“We’ve tapped into the enthusiasm that builds up around presidential races, and now we’re thinking about how to maintain that level of engagement and interest in all these other elections that impact our lives and communities just as much — if not more. I’m actually more excited for 2013.”

The People’s Candidate

Kahlil Byrd had a different vision when it came to shaking up the voting world. For him, there simply aren’t enough options for people to choose from.

There’s either a Democratic nominee that most voters don’t want in there or a Republican that they feel the same way about. And nothing more.

To make the voting process fairer to the public, Byrd and his associates want to give voters a chance to directly nominate the candidate of their choice — a sort of representative of the people.

Byrd is the CEO of Americans Elect, an organization that uses the Internet to give the public its own online convention to pick a nonpartisan candidate. Since its launch, in 2010, the organization has received an overwhelmingly positive response, Byrd says, as voters are appreciating the chance to directly influence the voting process.

“People have found it to be a breath of fresh air,” says Byrd, whose experience in politics has led to posts running or advising campaigns for Democrats, Republicans, and Independents across the nation. “It’s the first time that people get to directly nominate a person for public office.”

This year, Americans Elect attempted to get on the ballot in all 50 states and produce a third candidate for the 2012 election. As more than 2.5 million people signed the organization’s petition the organization planned to open up the primary process in May. After three rounds of voting, six candidates would be left standing for the nomination. Anyone who ran had to reach across party lines to find a running mate.

“Americans Elect is really set up so that voters can do two things,” says Byrd. “First, the voters can select the issues that they most identify with. And then they can support those candidates who meet their needs.”

Anyone eligible under the Constitution was eligible to pursue the nomination, and Americans Elect refused to promote any one candidate over another. Voting was to take place under a state-of-the-art security system to ensure fairness in the process. There was a mixed bag of more than 100 declared candidates, including the former Louisiana governor Buddy Roemer, a Boston University economics professor, and a CEO.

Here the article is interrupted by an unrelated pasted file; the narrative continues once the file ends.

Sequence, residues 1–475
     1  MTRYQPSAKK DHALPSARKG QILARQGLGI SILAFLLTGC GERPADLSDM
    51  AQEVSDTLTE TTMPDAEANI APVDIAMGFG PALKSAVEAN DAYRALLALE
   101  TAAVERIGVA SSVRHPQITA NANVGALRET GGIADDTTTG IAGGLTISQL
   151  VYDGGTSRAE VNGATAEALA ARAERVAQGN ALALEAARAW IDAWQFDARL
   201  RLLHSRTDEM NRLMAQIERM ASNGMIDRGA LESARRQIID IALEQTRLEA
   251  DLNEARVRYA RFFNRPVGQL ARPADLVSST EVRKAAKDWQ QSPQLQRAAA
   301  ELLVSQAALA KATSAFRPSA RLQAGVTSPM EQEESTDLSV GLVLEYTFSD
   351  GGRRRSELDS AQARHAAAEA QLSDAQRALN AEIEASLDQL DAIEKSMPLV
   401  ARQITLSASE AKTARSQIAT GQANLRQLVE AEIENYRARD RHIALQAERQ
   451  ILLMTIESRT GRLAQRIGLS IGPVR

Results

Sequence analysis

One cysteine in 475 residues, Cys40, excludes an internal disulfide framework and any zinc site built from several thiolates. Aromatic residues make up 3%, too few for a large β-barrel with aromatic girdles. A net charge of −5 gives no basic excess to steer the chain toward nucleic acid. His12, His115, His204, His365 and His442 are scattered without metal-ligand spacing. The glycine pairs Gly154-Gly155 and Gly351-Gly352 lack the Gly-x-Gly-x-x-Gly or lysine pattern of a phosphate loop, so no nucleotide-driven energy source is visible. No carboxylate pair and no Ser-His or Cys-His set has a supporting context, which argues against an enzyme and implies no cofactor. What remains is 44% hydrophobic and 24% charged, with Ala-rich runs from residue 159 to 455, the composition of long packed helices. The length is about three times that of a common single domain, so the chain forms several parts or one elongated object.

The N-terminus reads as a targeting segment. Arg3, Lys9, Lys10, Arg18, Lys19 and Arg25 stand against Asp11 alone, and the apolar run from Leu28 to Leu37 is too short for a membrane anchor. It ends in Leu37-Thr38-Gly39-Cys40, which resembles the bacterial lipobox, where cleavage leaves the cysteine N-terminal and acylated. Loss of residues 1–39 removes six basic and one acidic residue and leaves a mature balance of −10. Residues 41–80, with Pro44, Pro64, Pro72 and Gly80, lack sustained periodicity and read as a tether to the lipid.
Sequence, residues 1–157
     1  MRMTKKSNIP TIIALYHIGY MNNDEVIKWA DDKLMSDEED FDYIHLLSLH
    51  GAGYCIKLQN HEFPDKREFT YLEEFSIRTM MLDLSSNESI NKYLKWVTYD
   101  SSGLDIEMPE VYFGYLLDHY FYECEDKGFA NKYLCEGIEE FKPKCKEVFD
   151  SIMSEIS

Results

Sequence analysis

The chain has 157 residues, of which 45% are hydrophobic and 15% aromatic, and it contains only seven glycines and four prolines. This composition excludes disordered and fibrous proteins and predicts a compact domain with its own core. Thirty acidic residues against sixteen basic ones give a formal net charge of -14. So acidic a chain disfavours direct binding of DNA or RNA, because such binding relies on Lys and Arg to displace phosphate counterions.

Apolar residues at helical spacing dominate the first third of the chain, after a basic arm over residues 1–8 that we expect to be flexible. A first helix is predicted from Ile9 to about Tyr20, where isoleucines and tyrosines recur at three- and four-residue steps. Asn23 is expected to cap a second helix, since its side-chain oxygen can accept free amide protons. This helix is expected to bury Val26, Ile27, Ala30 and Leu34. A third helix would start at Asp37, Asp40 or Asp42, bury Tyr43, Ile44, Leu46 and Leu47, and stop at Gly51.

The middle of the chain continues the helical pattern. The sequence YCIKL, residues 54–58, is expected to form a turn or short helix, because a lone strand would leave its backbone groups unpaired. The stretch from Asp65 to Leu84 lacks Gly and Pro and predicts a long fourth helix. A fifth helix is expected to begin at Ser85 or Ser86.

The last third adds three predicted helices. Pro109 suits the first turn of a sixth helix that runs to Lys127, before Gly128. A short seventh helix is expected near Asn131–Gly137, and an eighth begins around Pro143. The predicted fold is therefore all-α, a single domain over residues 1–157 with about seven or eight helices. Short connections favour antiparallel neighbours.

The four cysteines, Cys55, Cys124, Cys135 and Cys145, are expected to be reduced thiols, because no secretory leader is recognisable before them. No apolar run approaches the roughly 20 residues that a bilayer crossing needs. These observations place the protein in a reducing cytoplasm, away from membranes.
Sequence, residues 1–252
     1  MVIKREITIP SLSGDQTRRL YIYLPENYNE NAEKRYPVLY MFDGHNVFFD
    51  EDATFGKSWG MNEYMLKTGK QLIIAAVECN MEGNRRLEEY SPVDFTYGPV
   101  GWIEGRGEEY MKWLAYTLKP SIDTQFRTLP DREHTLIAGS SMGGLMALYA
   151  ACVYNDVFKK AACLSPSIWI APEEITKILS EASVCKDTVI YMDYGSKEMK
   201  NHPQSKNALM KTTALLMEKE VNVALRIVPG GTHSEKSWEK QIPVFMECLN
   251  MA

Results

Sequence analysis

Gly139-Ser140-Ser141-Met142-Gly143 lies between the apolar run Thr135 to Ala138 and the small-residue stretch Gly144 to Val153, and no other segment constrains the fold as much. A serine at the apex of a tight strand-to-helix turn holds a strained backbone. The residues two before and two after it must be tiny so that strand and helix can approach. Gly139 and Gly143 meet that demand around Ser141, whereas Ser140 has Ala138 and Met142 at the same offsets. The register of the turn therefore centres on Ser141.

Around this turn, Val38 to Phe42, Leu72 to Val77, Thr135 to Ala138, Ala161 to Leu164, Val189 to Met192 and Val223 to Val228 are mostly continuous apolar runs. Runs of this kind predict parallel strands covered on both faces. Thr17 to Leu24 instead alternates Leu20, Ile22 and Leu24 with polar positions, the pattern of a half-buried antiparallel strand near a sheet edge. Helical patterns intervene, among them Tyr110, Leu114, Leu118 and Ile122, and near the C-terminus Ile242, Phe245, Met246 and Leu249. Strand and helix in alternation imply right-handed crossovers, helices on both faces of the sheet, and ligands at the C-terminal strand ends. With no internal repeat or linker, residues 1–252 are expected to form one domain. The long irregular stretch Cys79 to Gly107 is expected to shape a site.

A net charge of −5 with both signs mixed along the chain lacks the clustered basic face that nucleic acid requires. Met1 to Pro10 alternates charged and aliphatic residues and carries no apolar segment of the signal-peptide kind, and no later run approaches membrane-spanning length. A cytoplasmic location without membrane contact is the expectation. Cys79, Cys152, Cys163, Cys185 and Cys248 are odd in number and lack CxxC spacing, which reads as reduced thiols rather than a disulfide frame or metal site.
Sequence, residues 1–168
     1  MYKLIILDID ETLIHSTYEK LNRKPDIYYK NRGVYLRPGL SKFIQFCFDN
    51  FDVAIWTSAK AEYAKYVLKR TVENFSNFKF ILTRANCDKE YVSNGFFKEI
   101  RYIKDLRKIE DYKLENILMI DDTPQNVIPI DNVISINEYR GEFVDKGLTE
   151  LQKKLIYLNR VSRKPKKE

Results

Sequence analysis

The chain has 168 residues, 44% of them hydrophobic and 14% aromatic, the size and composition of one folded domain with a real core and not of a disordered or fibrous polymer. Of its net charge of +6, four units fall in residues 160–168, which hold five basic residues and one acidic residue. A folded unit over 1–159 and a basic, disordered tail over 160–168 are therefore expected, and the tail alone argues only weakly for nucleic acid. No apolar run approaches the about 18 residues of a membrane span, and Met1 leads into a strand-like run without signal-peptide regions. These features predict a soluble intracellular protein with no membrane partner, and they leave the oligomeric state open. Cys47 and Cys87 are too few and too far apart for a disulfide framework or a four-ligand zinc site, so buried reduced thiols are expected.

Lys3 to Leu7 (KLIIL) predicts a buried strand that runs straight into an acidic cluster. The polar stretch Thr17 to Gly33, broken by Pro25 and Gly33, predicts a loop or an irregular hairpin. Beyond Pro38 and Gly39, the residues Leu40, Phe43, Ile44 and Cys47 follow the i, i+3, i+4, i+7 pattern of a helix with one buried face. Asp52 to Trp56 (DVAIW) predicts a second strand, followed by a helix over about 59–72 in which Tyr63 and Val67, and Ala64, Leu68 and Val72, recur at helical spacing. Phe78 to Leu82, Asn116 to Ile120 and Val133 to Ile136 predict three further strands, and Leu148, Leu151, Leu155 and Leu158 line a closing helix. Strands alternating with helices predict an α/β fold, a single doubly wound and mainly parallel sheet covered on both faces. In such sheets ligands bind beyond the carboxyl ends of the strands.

In May, however, Americans Elect announced that no candidate had achieved the threshold required to enter the online convention, which meant the nomination process for the 2012 presidential election had come to an end. According to Byrd, the decision stemmed from a desire to honor the organization’s rules-based process. He believes the decision both respects the trust of the American public and creates a solid future for the organization.

The group is elated by the impact it had. Through America Elect’s efforts, it accrued more than 4 million supporters, from volunteers to petition signers to delegates. Additionally, it received heavy coverage from all the major news sources, including The New York Times and NPR.

When he considers all that Americans Elect accomplished, the future is bright in Byrd’s eyes.

“From when we launched in 2010 all the way to this May, we saw a group of people who organized over the idea of having a third choice,” he says. “The Americans Elect community is a tough and energized group, and we are holding strong.”

Byrd says that the organization will take some time to rethink its strategy and future path. One possibility is taking the concept of Americans Elect to the state-government level.

Ultimately, despite falling short of its goal in 2012, the group was encouraged by the results.

“What we were able to see was a great hunger,” says Byrd. “People appreciated that we were taking this completely different concept and trying to change things. People wanted to see change happen in 2012.”

Andrew Clark is a freelance writer living in Brockton, Massachusetts.